Snyder is survived by her parents, son, a sister, grandparents and other relatives.

Visitation will be held from 1 to 6 p.m. Thursday. A service at the funeral home Friday will begin at 9:30 a.m. followed by interment in Mount Tabor Cemetery.

Paul Peirce, Renatta Signorini and Jeff Himler are Tribune-Review staff writers. Reach Peirce at 724-850-2860, ppeirce@tribweb.com or via Twitter @ppeirce_trib. Reach Signorini at 724-837-5374, rsignorini@tribweb.com or via Twitter @byrenatta. Reach Himler at 724-836-6622, jhimler@tribweb.com or via Twitter @jhimler_news.

TribLIVE commenting policy

You are solely responsible for your comments and by using TribLive.com you agree to our Terms of Service.

We moderate comments. Our goal is to provide substantive commentary for a general readership. By screening submissions, we provide a space where readers can share intelligent and informed commentary that enhances the quality of our news and information.

While most comments will be posted if they are on-topic and not abusive, moderating decisions are subjective. We will make them as carefully and consistently as we can. Because of the volume of reader comments, we cannot review individual moderation decisions with readers.

We value thoughtful comments representing a range of views that make their point quickly and politely. We make an effort to protect discussions from repeated comments either by the same reader or different readers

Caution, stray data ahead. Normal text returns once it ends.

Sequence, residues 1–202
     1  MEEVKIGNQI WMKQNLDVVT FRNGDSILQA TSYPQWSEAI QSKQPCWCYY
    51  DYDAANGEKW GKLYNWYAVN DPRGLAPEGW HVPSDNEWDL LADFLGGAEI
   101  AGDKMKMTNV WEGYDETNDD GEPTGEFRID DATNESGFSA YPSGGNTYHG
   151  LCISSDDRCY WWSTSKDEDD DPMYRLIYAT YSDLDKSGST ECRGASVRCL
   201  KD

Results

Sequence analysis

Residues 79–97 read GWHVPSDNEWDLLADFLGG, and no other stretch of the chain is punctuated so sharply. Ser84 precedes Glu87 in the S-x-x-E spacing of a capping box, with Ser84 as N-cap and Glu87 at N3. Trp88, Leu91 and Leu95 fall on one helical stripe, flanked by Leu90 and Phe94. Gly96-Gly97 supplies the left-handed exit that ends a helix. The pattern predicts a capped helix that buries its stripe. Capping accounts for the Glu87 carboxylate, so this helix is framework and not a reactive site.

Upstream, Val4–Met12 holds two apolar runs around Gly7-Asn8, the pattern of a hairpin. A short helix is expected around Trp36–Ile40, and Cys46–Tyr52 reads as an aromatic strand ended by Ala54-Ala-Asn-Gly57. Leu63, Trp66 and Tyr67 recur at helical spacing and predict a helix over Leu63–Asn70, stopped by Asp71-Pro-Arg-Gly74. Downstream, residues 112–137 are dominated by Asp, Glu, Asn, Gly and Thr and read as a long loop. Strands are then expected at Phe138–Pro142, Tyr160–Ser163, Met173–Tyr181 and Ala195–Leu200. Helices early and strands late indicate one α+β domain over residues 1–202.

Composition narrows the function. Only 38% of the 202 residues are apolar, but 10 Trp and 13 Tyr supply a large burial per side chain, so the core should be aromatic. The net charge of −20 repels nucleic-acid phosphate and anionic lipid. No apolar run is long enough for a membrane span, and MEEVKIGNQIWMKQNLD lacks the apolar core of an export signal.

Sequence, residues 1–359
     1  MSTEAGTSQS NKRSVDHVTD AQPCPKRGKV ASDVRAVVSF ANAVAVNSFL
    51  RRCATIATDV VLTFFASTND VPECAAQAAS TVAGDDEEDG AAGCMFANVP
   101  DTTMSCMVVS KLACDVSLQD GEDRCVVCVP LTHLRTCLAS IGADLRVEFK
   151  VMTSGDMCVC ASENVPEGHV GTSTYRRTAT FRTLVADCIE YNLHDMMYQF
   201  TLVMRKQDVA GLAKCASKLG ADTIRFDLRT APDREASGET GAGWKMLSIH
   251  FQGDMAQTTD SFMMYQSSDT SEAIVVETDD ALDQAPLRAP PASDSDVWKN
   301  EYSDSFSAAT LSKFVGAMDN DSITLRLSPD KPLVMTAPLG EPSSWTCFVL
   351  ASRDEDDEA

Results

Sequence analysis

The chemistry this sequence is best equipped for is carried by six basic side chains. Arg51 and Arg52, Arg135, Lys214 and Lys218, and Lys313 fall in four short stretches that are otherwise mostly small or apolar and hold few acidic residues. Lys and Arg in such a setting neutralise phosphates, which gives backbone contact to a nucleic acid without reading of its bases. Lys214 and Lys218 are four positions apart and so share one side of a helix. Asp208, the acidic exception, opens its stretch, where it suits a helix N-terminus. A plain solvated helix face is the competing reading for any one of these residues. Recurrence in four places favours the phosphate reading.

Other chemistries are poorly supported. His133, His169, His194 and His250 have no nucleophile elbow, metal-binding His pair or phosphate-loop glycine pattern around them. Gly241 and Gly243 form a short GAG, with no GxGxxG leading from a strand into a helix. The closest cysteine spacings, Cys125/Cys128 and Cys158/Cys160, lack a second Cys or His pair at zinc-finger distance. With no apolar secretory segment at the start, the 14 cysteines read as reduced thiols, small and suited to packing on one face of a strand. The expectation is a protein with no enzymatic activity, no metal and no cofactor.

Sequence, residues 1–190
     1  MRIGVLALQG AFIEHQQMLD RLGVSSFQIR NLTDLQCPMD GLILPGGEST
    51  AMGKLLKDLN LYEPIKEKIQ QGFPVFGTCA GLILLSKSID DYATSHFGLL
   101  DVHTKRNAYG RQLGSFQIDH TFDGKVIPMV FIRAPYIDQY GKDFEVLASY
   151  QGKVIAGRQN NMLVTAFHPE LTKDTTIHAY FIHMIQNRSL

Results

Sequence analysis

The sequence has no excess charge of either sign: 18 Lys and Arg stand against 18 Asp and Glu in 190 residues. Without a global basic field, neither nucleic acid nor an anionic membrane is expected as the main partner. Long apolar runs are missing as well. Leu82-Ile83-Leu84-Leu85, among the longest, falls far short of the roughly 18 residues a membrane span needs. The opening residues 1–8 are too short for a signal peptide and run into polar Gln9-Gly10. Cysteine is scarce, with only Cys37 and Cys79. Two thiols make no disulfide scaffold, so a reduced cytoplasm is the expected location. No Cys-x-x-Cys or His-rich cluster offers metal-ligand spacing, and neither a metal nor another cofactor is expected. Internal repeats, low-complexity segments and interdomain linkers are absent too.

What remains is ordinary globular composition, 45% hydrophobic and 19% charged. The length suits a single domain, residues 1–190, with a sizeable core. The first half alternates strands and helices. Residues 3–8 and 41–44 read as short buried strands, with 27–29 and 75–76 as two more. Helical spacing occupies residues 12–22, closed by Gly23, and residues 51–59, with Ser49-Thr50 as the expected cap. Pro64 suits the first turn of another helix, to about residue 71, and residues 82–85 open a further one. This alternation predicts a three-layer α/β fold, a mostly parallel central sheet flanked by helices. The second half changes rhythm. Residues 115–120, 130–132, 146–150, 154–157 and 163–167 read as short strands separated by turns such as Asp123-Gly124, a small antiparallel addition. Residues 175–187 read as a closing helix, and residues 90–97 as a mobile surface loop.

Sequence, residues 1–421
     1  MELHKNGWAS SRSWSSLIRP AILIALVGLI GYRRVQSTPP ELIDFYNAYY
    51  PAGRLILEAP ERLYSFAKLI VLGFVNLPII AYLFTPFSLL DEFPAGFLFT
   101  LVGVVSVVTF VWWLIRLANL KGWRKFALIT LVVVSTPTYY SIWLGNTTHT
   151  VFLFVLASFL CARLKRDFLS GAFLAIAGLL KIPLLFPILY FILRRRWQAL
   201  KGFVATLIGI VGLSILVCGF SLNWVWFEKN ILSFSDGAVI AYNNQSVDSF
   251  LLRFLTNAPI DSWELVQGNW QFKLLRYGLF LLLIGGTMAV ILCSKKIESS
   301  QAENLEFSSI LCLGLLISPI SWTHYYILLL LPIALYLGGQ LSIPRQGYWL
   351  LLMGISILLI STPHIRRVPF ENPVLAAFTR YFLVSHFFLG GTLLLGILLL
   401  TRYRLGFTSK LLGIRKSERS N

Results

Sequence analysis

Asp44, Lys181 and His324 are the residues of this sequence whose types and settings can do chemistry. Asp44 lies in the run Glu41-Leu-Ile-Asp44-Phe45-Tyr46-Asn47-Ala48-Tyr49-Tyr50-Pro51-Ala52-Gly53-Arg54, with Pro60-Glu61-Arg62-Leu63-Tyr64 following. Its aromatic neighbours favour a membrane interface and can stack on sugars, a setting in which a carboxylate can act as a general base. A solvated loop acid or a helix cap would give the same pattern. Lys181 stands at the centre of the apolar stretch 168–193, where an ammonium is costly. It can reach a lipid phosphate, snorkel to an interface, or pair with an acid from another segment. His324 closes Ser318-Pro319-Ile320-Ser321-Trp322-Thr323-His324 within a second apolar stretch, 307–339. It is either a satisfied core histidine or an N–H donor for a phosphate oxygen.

We follow the same standards for taste as the daily newspaper. A few things we won't tolerate: personal attacks, obscenity, vulgarity, profanity (including expletives and letters followed by dashes), commercial promotion, impersonations, incoherence, proselytizing and SHOUTING. Don't include URLs to Web sites.

We do not edit comments. They are either approved or deleted. We reserve the right to edit a comment that is quoted or excerpted in an article. In this case, we may fix spelling and punctuation.

We welcome strong opinions and criticism of our work, but we don't want comments to become bogged down with discussions of our policies and we will moderate accordingly.

We appreciate it when readers and people quoted in articles or blog posts point out errors of fact or emphasis and will investigate all assertions. But these suggestions should be sent via e-mail. To avoid distracting other readers, we won't publish comments that suggest a correction. Instead, corrections will be made in a blog post or in an article.

click me